5 reasons I love the scholastic “question”

These days, anyone familiar with the medieval “question” format has probably met it through the Summa of St. Thomas Aquinas.  To the modern eye it seems stuffy or even pretentious, with its stilted language and logical distinctions and its appearance of completeness.  We prefer the humble “essay,” a word that means an “attempt,” an effort in the right direction.

But over the years I have come to love the “question” format.  Each “article” within the “question” is a dehydrated debate.  Just add imagination, and you have a rowdy crowd of objectors who even disagree with each other and an enthusiastic team of supporters whose support is sometimes as embarrassing as the objections, and in between them the master whose mental agility alone can keep order.  Here are just a few of the things I like about the “question” format: Continue reading “5 reasons I love the scholastic “question””

Share Button

Fantasy vs. fantazy

Reading C.S. Lewis’s autobiographical Surprised by Joy, I was reminded of a useful distinction between two meanings of the word “fantasy.”  One is the meaning I outlined in a previous post, namely a kind of literature that brings one into contact with the Other.  The second is the self-indulgent fantasy we turn into the verb “fantasize.”  Lewis draws the distinction nicely: Continue reading “Fantasy vs. fantazy”

Share Button

The Power of Positive Thinking

I saw a fellow suffer such a crushing blow
as would have forged a saint out of a lesser man,
and yet he would not suffer, would not cry, or bow.

He kept his head erect, maintained a steady hand,
and sailed away with stolid cheer the sea to cross
and leave a matching wreckage in some other land.

He gave us one glimpse only of his inner gloss,
a single lifting of the curtain: as he turned,
he shook his fist at all behind who mourned his loss.

Share Button

X-Ray Reads: for the voracious teen reader

If you have a teenage reader, you have had this problem.  All through their childhood you have fed them good books, fended off junk and inappropriate material, and maybe even previewed library books they wanted to read.  But one day they show up with a stack of Young Adult books, each one three to five hundred pages long, none of them familiar, and all of them so—so teen.

And you realize you just can’t do it anymore.  You can’t keep up. Continue reading “X-Ray Reads: for the voracious teen reader”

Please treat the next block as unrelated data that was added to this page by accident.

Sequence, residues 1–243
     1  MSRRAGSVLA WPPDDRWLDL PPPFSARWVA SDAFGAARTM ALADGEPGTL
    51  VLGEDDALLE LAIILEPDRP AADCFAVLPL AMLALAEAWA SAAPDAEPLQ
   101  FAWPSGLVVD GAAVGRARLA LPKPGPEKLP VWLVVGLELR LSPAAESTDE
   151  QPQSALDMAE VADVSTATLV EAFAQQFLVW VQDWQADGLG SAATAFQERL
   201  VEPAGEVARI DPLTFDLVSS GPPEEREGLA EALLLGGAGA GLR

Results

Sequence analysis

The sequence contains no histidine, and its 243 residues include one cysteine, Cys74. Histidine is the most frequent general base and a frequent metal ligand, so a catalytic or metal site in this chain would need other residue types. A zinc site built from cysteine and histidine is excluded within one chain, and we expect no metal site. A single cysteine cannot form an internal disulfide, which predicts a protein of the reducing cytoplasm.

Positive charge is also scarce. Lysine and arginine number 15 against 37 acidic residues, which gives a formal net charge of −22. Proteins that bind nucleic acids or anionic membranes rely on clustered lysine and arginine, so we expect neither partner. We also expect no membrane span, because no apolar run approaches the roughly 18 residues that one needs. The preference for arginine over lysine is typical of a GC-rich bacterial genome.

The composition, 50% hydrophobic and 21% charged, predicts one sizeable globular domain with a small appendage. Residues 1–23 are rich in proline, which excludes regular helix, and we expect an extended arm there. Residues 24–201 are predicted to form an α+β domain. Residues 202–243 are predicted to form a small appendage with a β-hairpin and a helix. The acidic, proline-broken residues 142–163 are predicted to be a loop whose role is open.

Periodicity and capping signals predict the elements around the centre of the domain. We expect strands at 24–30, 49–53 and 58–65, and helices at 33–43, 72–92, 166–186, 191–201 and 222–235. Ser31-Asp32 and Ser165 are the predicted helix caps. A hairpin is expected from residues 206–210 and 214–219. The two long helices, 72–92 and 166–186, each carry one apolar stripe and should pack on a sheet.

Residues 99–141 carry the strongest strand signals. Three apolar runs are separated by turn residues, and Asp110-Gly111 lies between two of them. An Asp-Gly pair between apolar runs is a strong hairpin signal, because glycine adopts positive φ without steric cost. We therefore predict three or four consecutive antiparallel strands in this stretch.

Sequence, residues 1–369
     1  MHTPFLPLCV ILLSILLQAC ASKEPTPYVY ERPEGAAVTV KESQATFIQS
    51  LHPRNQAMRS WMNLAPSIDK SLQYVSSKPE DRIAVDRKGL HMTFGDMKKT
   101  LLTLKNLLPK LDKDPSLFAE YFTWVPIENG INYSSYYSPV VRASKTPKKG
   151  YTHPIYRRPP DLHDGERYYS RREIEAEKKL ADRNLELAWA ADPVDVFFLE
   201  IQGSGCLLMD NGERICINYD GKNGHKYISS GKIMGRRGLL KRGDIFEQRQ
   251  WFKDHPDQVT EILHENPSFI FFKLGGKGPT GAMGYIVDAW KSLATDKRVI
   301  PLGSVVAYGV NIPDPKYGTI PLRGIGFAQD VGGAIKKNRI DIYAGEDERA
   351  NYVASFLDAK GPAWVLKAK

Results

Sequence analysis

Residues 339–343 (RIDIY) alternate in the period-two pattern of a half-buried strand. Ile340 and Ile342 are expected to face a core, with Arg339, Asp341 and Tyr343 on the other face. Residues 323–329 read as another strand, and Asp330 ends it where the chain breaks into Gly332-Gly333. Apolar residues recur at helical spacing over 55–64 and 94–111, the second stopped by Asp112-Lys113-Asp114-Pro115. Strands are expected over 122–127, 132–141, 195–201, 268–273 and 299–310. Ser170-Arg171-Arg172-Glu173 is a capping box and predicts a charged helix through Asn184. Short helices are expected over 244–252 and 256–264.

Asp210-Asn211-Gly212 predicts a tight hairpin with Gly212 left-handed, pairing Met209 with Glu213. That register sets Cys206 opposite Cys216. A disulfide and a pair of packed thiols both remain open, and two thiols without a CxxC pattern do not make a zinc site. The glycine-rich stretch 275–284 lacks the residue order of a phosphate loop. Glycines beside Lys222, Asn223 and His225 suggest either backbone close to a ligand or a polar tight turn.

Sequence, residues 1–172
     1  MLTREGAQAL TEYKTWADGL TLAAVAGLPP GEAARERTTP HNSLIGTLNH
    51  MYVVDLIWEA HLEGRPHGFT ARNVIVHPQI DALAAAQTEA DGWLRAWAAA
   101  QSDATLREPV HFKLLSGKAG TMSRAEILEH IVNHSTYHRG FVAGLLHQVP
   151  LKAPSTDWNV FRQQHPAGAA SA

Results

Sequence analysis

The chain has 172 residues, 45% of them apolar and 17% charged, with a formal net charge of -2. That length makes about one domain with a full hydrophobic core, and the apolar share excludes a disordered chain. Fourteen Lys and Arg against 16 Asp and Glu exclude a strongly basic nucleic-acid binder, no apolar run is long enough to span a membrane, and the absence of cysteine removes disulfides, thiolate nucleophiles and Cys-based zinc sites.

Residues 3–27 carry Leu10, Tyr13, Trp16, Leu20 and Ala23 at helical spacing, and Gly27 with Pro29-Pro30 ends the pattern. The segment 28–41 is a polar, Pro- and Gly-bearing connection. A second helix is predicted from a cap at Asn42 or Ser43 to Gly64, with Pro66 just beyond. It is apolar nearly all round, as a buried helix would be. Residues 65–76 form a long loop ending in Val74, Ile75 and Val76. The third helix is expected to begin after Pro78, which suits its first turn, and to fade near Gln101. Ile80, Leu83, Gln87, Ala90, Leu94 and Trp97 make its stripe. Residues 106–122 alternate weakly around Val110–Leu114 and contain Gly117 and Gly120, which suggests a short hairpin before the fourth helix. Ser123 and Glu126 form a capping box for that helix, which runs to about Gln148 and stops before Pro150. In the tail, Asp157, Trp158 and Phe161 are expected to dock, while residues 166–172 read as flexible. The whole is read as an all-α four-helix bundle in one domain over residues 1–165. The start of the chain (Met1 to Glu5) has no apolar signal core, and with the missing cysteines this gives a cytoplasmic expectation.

Share Button

The difference between fantasy and science fiction

Last Tuesday, I gave a lecture to the Wyoming Catholic College community about “the Christian dignity of story.” In the Q&A session, a young man asked my opinion about the difference between fantasy and science fiction: after all, they both make up not only plots and characters but even universes, so they seem to operate at a similar level of abstraction from reality.

At the time, I had to confess that I didn’t have an answer. But later, with some help from Joseph Susanka, I reached a point of clarity worth sharing. Continue reading “The difference between fantasy and science fiction”

Share Button

Thomas Aquinas, Batman, and the Brutality of Grace

Around the turn of the year, I asked myself:  If my circumstances were to change dramatically—if I suddenly lived somewhere else and did something else—what would I regret not having done with my time here in Lander, Wyoming?  The first thing that came to me was:

Not having spent time with irreplaceable friends.

So it was that yesterday I had lunch with Joseph Susanka.  We were roommates in college for four years, we talked each other through the ups and downs of courtship, and we have now worked at the same place for seven or eight years, and yet we hardly ever see each other.  How dumb is that?  Shortly after the new year, we agreed to get together every second Thursday for lunch and a conversation.

Topics are all over the place.  Combining a classical education at Thomas Aquinas College with two years of film school in Los Angeles, Joseph loves movies and all the fundamental elements of film:  photography, music, and story—and when you think about it, that’s a huge umbrella.  His online movie reviews have acquired something of a following.